“Many think of Amazon as “that hugely successful online bookstore.” You would expect Amazon CTO Werner Vogels to embrace this distinction, but in fact it causes him some concern. “I think it’s important to realize that first and foremost Amazon is a technology company,” says Vogels. And he’s right. Over the past years, Vogels has helped Amazon grow from an online retailer (albeit one of the largest, with more than 55 million active customer accounts) into a platform on which more than 1 million active retail partners worldwide do business. Behind Amazon’s successful evolution from retailer to technology platform is its SOA (service-oriented architecture), which broke new technological ground and proved that SOAs can deliver on their promises…”
“Juju focuses on managing the service units you need to deliver a single solution, above simply configuring the machines or cloud instances needed to run them. Charms developed, tested, and deployed on your own hardware will operate the same in an EC2 API compatible cloud…”
“The local provider allows for deploying services directly against the local/host machine using LXC containers with the goal of experimenting with juju and developing formulas.
The local provider has some additional package dependencies. Attempts to use this provider without these packages installed will terminate with a message indicating the missing packages…”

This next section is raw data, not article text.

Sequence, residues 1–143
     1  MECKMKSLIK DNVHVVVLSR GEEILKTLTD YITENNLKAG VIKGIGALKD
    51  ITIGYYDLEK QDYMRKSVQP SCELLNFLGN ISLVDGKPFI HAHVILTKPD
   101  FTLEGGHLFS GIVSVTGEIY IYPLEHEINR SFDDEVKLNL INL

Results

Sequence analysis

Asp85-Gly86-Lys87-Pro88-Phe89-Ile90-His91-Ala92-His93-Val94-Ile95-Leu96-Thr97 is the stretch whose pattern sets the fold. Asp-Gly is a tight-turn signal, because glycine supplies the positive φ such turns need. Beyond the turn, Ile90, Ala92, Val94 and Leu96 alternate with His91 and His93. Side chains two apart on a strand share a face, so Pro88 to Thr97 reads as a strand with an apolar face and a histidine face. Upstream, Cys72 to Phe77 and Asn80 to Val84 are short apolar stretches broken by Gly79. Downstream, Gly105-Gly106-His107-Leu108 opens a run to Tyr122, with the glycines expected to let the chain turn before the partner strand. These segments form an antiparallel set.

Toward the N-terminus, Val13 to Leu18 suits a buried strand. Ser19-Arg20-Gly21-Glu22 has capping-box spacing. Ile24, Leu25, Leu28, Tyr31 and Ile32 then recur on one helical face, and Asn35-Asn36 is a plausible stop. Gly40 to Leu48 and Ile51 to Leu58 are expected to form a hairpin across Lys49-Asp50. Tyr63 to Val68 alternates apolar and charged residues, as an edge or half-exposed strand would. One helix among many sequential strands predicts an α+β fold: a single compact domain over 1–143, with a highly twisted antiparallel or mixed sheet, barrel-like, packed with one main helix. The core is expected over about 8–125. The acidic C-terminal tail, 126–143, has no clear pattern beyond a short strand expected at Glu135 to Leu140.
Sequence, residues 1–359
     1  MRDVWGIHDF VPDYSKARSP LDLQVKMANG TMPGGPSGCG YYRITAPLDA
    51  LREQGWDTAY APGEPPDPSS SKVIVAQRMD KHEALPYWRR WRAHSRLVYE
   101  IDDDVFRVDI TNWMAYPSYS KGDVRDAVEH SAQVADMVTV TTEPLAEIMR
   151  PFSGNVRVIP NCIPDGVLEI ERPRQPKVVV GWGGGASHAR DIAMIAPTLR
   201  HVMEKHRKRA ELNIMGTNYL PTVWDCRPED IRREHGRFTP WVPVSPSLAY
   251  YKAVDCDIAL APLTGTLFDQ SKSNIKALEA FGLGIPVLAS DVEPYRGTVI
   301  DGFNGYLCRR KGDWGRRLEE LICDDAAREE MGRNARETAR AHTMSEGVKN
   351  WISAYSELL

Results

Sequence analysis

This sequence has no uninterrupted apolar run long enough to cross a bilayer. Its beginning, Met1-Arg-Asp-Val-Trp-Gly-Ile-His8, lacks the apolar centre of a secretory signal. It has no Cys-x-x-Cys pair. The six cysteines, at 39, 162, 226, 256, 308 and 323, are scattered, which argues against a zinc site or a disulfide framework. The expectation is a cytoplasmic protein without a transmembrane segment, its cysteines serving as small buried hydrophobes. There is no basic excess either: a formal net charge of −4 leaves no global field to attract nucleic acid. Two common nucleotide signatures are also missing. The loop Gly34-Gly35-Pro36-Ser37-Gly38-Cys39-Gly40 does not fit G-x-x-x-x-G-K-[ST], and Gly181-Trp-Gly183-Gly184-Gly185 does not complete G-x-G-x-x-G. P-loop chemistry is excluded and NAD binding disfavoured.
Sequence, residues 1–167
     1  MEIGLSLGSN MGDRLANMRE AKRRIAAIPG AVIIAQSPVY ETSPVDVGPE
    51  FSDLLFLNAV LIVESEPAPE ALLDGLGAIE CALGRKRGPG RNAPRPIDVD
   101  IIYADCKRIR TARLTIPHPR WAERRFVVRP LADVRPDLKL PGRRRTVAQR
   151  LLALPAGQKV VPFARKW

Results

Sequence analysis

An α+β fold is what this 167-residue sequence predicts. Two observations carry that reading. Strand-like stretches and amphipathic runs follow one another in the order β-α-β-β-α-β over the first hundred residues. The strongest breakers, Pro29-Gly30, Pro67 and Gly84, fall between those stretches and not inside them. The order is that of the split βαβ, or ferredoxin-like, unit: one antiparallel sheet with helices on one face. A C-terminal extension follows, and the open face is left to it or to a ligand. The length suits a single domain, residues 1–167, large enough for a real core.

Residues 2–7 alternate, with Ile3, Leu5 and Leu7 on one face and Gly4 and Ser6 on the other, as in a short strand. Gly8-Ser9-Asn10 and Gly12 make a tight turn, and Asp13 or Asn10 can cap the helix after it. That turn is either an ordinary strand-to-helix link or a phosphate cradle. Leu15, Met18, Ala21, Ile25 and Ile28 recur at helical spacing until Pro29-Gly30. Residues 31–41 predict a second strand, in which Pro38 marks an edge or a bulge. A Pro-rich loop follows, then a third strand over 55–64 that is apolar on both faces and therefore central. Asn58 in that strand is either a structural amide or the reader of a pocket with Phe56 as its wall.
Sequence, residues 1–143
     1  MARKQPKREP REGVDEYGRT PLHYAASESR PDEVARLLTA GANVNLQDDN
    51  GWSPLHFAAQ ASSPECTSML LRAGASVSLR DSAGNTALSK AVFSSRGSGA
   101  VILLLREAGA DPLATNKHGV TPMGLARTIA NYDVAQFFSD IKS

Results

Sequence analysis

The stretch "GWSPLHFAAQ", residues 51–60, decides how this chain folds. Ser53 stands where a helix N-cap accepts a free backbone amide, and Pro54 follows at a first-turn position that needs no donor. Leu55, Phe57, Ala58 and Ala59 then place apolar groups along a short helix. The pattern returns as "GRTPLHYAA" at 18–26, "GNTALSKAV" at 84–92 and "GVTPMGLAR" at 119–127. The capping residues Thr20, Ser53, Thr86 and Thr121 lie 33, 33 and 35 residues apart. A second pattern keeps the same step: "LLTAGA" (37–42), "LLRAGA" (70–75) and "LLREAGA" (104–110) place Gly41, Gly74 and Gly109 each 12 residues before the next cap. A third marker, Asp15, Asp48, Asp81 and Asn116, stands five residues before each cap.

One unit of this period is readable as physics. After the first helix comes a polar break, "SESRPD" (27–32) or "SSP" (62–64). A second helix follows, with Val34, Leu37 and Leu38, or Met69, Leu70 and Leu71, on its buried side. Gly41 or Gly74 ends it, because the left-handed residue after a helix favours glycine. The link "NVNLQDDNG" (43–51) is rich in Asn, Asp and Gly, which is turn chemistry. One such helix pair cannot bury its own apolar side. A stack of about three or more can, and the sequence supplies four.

“If you expect CK-levels of traffic, you’ll need to beef up your hardware. But even the most beastly web server is going to offer poor performance when a quarter million people try to download 1.37GB high-def video file like Live at the Beacon Theater. Amazon’s S3 (Simple Storage Solution) solves this problem by giving you all the server power you could ask for. Combine that with Amazon’s CloudFront, and you’ve got content delivery power on par with iTunes…or well…Amazon. To make things drop-dead simple, WP e-Commerce has an Amazon S3 plugin that makes this whole thing automatic for a whopping $45…”
“´These instructions are the rather verbose, but hopefully easy enough to follow, steps to build a new Linux server using Varnish, Nginx, W3 Total Cache, and WordPress, to build a WordPress blog on a Amazon Micro server (or equivalent), all costing under $15 a month, capable of sustaining 10 million hits per day, as measured by blitz.io.”